We experience and interact with the world through our body. The founding father of computer science, Alan Turing, correctly realized that one of the most important features of the human being is the interaction between mind and body. Since the original demonstration that electrical activity of the cortical neurons can be employed to directly control a robotic device, the research on the so-called Brain-Machine Interfaces (BMIs) has impressively grown. For example, current BMIs dedicated to both experimental and clinical studies can translate raw neuronal signals into computational commands to reproduce reaching or grasping in artificial actuators. These developments hold promise for the restoration of limb mobility in paralyzed individuals. However, as the authors review in this chapter, before this goal can be achieved, several hurdles have to be overcome, including developments in real-time computational algorithms and in designing fully implantable and biocompatible devices. Future investigations will have to address the best solutions for restoring sensation to the prosthetic limb, which still remains a major challenge to full integration of the limb into the user's self-image.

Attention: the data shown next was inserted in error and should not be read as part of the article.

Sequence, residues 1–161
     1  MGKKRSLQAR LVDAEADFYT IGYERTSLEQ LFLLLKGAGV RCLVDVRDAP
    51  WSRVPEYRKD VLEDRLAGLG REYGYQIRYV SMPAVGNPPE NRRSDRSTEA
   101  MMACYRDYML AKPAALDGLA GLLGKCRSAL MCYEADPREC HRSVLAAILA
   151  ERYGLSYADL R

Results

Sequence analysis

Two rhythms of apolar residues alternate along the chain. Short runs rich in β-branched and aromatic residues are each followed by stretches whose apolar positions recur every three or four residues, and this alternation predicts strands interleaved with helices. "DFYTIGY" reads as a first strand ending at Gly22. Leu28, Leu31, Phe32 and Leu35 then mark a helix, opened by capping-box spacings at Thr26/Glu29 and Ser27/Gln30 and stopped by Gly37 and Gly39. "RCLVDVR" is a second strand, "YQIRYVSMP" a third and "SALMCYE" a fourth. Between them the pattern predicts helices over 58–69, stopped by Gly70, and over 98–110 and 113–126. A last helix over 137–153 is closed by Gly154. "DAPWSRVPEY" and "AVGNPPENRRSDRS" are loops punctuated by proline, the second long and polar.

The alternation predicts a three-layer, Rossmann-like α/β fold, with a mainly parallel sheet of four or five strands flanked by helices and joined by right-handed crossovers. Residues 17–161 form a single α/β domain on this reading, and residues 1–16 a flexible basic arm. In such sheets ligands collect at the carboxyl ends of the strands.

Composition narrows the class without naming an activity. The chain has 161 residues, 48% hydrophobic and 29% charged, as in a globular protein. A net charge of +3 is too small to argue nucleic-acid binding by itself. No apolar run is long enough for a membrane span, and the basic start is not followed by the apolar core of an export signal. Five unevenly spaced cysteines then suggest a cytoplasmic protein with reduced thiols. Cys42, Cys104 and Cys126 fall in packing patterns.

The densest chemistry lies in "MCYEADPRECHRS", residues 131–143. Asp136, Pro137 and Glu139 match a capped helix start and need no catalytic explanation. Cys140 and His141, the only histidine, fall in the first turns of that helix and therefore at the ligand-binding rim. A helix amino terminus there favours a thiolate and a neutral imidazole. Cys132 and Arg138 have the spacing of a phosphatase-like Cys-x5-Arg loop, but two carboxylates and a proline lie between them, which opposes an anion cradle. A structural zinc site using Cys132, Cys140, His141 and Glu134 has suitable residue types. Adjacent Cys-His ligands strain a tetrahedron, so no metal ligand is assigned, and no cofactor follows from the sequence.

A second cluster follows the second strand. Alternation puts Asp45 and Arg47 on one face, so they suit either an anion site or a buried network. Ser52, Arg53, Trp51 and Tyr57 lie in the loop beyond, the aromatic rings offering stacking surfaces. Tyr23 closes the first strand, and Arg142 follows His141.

ASJC Scopus subject areas
- Biochemistry, Genetics and Molecular Biology(all)
- Computer Science(all)